Moving toward the less-normal parts of the spectrum, we have Professor’s Klass one-time warning voice, as well as the times when we hear a change of air pressure at a partially cracked window and think it’s a human moan or sigh, or the babble of the crowd in a busy restaurant suddenly resolves into an almost-familiar voice speaking our own name. Or—and I speak from experience here—sometimes a recent widower will hear a noise and imagine it’s the whisper of his dead wife. It may be imagination, but it sounds awfully real and there is a momentary pang of recognition and regret. The point is, in this part of the spectrum we are not at all sure, however briefly, whether the voice was inside our heads or not.
Toward the middle of this spectrum are the voice hearers, like the members of the panel, who hear voices that they know or believe are not their own and not coming from inside their heads. They can have it explained to them that their brains are malfunctioning and they are listening and responding to tricks of their own imaginations, but they will not believe it. The voices are too real. One of the panel members insisted that the different voices each had their own way of speaking and accents, and that was proof to him that the voice came from outside. Also, the voices often suggest something that the person would not normally do, such as inviting him or her to commit suicide. Whether the person is following the voice or resisting, he or she acts as if dealing with an alien entity.
And finally—or so I believe—the manifestation of a supposedly external voice with its own character, diction, and other qualities might become so embedded in the mind of the hearer that it develops an entirely separate personality or, in psychologists’ terms, a “dissociative identity.”4 While the causes of a brain or mind creating more than one personality or dissociating itself from the one it was born with are debatable, the condition often occurs in someone who experienced extreme trauma as a child. So, presumably, the second and other personalities develop in order to envelop and protect the tender ego. The fact that the core personality is usually not aware of these other personalities, their actions, and their intentions is where the dissociation comes into play. It appears that an alternate personality takes control of the brain and body at various times.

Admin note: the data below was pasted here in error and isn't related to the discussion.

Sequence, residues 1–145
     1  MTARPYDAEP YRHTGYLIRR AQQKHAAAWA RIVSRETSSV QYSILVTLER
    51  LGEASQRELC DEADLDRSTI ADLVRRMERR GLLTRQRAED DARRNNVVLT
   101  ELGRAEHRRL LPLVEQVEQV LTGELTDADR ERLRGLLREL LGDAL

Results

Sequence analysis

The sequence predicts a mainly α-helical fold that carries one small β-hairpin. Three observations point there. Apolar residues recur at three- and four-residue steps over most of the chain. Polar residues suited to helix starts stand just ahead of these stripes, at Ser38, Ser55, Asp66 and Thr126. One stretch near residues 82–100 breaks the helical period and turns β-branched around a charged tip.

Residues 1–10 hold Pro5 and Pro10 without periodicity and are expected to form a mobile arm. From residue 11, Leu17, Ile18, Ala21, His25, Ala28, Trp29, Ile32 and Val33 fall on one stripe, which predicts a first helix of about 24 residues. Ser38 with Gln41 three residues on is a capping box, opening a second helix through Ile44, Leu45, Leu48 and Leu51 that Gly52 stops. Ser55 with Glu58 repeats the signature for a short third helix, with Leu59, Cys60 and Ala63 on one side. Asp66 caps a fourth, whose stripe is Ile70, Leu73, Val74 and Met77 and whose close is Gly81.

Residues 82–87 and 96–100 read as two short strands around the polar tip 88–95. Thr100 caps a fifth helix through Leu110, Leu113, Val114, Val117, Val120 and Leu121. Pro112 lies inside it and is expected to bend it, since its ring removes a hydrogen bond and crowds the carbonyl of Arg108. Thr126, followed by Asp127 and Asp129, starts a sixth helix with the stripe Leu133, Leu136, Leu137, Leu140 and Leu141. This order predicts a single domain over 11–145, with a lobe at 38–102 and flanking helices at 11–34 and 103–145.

Normally, I would not think of putting dissociative personalities on the spectrum of hearing voices, except one of the panel members mentioned his own childhood trauma and being treated for post-traumatic stress disorder, or PTSD. So it is possible that stress and trauma play a part in the voice hearing as well as the dissociation of a personality.
On top of all this, we must remember that human beings, with our huge and vastly interconnected brains, are the “dream animal.” We live not just in the moment and inside our surroundings, as my dog does, but also in our imaginations, in our speculations, in the what-ifs and if-thens of our subjunctive language, and in the twilight realm of our dreams, where the wildest fantasies seem real and even plausible for a short period of time. Is it any surprise that this delicately balanced and incredibly complex mechanism occasionally slips a few gears and feeds us false information?
That’s just the nature of human existence.
1. “Consumer” is the new, more polite term to refer to people with a diagnosis of severe mental illness and is preferred by people in this situation to the earlier term “patient,” which implies that they have an illness. These people are consumers of mental health services.
2. One of the panel members at the meeting, who tried for a scientific understanding of the phenomenon, stated that functional MRI scans of people when they were experiencing voices showed activity in these processing centers.
3. The generation of this word stream is complex. Some of it comes from my front-of-brain thinking and deciding: here is how the article, argument, or story must go. And some of it comes from my subconscious and its intuitive sense of what the story or article might become. For more on the role of the subconscious in my writing, see Working With the Subconscious from September 30, 2012.
4. The old diagnosis of Multiple Personality Disorder has now become Dissociative Identity Disorder. Po-tay-to, po-tah-to.